1. Trump is the mind killer.

    2. Yes, but Obama’s yesterday’s news.

      1. Haw haw haw! Obama! Har har har!

  8. Political parties should be banned. Representatives should be representing their constituents, not selling out loyalty to a nationwide org. This is an excellent example of that. They aren’t doing their basic jobs, and it’s because of party politics.

    1. Yeah, fuck the First Amendment and the right to freedom of association. I’m sure you’ll be the appointee to determine if meeting or discussing politics has created a political party, right? And I’m sure Obama would have loved the power to disband political opposition.

      1. I’m not being serious, because of course that’s a first amendment problem. But it is also, IMO, also a serious problem that our reps are so easily manipulated by national organizations. I believe this contributes strongly to the problem of our parties sorting out into random grab bags of issues instead of having any kind of guiding ideology, leaving us with no options that have any principles. Yes, it’s freedom of association, but that associating leads to where it seems all roads go- people ganging up on each other for purposes of concentrating power.

    2. They won’t be banned. Hell the only way they will be diminished is by increasing the size of the House by 3-5x – or by eliminating elections altogether and just randomly selecting a couple thousand citizens to be legislators just like we do juries. And those two have no chance of happening.

      1. Actually, the founders wanted there to be more reps, by a factor of 10.
        http://www.boldtruth.com/

  9. This is hilarious! Checks & Balances, this country hasn’t had a proper constitutional abiding government in forever. Why is this surprising given the immense growth of government in the last 100 + years, nothing new here, it’s just a natural progression until it explodes or implodes at some point.

  10. I’m all for constitutional checks and balances.

    And if Congress wants to initiate a witch hunt, then that’s their prerogative.

    Doesn’t mean it isn’t a witch hunt.

    Incidentally, recent history suggests that initiating witch hunts doesn’t play well to voters.

    1. Older history, though, suggests that it plays just fine to voters in certain circumstances. RE: McCarthyism / Terrorism.

      1. Also see: The Inquisition.

  11. Listen, they’re bad and we’re good, so listen to us.

  12. Maybe a fourth on government should be added, like the state governors can step in to oversee the Feds.

    1. Nah, it’s pretty simple. At the end of their terms, every politician is killed violently and publicly. Seems like a good way to show em who’s boss.

  13. Trump is a con man. A grifter. Look at the lawsuits he keeps losing to people he stiffs. The last one was to a paint supplier for $32,000.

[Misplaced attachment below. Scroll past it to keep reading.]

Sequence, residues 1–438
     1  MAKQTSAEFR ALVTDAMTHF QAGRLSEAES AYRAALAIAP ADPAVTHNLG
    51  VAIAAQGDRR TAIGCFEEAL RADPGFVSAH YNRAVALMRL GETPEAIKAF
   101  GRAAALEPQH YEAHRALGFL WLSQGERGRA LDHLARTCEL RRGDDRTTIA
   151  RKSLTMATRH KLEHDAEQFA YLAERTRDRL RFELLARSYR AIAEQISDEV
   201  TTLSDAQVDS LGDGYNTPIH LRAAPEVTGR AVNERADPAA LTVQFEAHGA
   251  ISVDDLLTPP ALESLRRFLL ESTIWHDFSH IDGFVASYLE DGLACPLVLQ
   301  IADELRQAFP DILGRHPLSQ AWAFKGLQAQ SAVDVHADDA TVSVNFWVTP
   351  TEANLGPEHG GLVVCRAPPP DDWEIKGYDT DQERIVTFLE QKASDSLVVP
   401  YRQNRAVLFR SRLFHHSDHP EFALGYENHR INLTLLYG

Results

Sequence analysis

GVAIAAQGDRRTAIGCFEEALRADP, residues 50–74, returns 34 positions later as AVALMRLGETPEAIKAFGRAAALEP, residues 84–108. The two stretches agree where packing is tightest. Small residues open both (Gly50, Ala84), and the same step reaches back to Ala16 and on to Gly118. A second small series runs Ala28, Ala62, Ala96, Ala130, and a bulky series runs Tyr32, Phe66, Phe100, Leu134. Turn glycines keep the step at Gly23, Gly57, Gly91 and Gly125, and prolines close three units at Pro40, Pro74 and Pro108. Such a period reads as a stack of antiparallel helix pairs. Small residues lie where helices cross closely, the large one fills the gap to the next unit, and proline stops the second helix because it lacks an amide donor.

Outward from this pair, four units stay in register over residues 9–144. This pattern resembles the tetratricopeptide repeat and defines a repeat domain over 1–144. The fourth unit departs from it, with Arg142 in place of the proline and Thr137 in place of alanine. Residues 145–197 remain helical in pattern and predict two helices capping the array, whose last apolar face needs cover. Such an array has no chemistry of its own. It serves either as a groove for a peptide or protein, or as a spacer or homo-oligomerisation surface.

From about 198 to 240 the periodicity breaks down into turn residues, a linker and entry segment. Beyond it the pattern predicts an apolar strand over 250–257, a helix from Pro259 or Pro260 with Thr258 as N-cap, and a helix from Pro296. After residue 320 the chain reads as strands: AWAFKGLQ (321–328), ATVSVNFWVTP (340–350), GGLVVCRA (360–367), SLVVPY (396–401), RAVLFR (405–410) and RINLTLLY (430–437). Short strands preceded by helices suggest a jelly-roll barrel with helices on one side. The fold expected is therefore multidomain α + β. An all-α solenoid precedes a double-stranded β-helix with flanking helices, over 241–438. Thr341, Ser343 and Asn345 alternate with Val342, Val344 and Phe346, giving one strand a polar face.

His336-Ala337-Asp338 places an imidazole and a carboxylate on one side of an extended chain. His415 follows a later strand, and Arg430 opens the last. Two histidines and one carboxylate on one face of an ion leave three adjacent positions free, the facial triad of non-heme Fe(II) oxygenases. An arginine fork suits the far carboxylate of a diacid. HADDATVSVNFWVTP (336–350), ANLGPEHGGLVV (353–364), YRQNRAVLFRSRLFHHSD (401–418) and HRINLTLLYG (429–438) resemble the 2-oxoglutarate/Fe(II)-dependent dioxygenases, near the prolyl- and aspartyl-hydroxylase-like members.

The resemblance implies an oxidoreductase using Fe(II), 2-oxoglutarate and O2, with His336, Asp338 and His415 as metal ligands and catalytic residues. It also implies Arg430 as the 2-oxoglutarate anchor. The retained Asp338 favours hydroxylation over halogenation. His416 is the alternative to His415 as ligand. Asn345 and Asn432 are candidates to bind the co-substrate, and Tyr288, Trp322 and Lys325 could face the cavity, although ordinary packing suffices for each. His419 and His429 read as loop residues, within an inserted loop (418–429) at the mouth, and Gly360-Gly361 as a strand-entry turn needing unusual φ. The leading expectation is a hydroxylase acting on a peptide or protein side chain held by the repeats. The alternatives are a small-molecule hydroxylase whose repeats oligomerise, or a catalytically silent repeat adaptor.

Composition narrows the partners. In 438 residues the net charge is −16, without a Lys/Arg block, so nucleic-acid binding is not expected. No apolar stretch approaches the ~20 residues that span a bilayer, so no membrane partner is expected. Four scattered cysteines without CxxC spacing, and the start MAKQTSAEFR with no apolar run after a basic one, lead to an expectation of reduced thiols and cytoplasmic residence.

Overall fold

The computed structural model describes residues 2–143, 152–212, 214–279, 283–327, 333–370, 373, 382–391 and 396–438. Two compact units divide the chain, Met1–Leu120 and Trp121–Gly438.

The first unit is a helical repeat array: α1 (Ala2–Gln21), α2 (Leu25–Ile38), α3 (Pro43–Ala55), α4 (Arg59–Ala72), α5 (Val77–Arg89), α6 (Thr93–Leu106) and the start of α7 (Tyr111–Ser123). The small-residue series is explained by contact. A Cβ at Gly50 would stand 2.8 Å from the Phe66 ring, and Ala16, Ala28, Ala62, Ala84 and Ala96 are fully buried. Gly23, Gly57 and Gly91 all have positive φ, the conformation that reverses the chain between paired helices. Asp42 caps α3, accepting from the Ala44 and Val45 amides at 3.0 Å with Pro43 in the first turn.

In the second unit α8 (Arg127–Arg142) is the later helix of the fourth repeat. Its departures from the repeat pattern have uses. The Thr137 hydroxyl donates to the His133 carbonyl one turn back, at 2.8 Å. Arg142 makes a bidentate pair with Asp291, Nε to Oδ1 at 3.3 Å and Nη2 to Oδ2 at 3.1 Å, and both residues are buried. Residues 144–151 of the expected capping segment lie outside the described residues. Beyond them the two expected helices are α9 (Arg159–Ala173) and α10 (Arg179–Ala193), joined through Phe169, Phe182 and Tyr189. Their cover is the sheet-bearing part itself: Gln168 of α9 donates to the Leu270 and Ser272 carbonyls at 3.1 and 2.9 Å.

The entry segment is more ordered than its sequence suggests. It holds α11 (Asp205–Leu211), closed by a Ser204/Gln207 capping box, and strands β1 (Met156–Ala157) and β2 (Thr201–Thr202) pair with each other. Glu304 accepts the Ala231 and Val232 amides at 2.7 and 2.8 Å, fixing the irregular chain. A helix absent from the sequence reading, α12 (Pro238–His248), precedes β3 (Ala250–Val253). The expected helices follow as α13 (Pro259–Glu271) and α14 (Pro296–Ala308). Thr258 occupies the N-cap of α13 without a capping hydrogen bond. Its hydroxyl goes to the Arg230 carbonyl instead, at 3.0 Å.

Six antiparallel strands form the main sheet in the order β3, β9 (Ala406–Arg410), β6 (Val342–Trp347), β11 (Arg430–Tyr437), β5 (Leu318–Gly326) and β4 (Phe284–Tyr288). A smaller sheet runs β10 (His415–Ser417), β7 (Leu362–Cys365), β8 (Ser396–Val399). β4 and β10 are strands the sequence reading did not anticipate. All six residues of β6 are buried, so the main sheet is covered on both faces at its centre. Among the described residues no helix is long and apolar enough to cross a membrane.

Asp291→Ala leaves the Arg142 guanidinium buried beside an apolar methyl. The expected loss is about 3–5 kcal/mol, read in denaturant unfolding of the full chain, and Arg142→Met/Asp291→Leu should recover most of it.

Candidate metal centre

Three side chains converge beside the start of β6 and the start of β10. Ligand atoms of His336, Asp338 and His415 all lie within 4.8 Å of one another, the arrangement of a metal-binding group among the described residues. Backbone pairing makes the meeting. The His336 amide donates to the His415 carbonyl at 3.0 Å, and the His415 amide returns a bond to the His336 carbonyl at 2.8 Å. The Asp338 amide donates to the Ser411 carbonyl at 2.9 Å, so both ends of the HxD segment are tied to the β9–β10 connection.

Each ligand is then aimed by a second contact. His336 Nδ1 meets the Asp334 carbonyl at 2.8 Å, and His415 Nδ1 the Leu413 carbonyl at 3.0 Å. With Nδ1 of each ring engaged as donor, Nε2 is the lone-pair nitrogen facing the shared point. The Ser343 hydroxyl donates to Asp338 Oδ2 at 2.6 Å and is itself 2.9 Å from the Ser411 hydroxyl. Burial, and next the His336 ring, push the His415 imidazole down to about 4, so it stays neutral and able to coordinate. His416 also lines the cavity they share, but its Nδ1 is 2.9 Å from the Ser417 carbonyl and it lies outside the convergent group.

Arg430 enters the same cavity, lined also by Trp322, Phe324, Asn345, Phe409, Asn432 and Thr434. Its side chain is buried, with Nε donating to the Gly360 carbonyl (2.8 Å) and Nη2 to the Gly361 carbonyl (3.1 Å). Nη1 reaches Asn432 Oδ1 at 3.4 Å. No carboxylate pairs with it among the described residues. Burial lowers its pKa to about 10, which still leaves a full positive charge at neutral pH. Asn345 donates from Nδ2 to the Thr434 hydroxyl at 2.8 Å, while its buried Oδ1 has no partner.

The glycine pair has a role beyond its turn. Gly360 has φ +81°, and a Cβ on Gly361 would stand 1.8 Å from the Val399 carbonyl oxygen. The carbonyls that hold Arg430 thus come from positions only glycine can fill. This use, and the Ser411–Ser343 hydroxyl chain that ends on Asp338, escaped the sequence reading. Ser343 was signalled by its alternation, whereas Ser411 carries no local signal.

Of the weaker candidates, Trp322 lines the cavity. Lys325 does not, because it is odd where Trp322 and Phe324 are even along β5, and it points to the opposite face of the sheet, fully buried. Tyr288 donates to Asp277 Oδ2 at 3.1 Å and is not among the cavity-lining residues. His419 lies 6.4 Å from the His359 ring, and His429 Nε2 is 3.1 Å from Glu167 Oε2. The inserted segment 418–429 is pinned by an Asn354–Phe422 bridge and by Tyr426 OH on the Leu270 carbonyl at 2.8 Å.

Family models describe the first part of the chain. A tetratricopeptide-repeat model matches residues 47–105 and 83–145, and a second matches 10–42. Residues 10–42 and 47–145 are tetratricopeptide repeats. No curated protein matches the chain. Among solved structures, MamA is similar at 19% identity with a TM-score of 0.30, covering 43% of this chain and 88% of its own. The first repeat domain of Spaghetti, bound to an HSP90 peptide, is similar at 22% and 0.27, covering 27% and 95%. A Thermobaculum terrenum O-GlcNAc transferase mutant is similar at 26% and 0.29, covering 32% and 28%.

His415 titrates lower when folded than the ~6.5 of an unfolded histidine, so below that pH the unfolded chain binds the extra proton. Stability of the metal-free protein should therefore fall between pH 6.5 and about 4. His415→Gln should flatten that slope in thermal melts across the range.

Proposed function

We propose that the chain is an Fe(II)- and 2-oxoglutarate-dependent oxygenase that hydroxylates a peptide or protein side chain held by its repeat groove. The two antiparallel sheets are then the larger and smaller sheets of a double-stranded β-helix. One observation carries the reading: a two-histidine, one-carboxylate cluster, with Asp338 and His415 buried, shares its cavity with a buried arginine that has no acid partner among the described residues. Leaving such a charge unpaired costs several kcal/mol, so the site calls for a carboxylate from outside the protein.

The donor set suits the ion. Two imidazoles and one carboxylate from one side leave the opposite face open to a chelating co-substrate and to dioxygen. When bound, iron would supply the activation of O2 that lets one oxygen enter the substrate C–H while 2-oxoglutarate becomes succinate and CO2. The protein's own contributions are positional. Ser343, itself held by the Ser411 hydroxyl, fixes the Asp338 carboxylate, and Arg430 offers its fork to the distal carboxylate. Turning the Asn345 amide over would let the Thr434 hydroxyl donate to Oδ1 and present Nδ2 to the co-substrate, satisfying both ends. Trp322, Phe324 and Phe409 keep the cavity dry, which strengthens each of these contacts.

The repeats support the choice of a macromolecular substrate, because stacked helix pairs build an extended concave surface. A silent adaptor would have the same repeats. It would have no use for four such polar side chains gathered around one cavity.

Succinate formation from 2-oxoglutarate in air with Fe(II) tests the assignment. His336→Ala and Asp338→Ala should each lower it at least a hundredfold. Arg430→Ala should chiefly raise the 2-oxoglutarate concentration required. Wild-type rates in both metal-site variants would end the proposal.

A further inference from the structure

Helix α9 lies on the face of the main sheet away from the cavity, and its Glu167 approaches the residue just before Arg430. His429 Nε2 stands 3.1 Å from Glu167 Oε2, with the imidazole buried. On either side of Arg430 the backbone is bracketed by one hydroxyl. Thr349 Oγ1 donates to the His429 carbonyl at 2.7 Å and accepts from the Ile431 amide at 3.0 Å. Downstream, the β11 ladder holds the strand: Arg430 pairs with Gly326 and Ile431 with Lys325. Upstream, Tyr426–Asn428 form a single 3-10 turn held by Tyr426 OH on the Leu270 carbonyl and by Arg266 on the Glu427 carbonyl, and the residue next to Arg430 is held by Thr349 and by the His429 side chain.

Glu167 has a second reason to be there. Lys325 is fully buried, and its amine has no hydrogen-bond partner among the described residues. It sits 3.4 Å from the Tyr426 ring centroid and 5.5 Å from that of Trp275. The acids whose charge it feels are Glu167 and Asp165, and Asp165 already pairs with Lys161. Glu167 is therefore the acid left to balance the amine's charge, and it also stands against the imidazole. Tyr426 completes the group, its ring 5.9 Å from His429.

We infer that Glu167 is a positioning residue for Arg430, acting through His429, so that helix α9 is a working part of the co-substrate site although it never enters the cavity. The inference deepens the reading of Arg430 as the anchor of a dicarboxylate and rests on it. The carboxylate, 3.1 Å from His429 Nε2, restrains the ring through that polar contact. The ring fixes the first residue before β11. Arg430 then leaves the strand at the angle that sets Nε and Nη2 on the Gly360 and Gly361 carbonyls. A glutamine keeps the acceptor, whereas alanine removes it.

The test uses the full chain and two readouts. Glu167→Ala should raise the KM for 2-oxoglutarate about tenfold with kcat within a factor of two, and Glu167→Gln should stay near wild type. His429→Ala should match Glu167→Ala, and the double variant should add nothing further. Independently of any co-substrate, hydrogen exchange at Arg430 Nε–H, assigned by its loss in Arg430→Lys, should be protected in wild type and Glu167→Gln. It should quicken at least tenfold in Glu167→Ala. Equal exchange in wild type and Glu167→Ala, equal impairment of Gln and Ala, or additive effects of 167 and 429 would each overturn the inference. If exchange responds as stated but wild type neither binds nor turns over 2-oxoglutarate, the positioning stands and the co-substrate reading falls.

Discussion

He told the idiots in flyover country what they wanted to hear and now he is trying to fleece them.

    Way to go GOP. I thought no one could be worse than the Bushpigs.

    1. I wouldn’t worry too much, you can always count on death and taxes to be there for you!

      1. Shreek probably welshes on paying his taxes, too. The IRS would be after him if he had any income.

        1. He just seems so sad all the time. I thought it would be nice to cheer him up with some of the things that matter in his life!

          1. His doctor told him that if he keeps masturbating he’s going to wear his nub completely off, so the only thing that cheers him up anymore is videos of unwanted puppies being destroyed by the county.

            1. You TEAM RED! hacks post on Yahoo a lot too. What is wrong with Bratbitch.com?

              1. I’m not supporting Trump, shreek. I’m attacking you, because you are a lying liar who lies even when telling the truth would benefit you personally.

                1. I just want him to be happy.

                2. Eat shit. I have no motive to lie – and I don’t lie.

                  1. That’s a lie right there, liar. Pay your fucking bet.

                    1. Pay your fucking bet.

                      That never gets old! Pure, unalloyed genius!

                    2. You left your other sock on. Try drinking less. Or more.

                  2. Not paying your debt on a lost bet is absolutely a form of lying, you lying piece of shit.

                    When you made your bet, you gave your word that you would satisfy the terms if you lost. You lied, because you are a lying cunt.

                    1. Fuck you, you commie piece of shit.

                      I paid the $20 I lost.

                    2. Demanding that a person keeps his word is communism, apparently. What a world!

                    3. I paid the $20 I lost

                      Which has never been confirmed by anyone other than yourself, you worthless sack of crap.

                  3. I should lie though. Lie down and take a nap. Your posts are too cranky.

    2. Hey, he’s kept Obama’s warmongering in place and supports single payer. He’s a NY Dem, and is really just a more boorish version of your hero, Warren Buffet. I thought you’d be in love with the guy.

      1. Let me know about that war Obama started that cost $2 trillion and killed 4500 US troops, you TEAM RED! canker sore.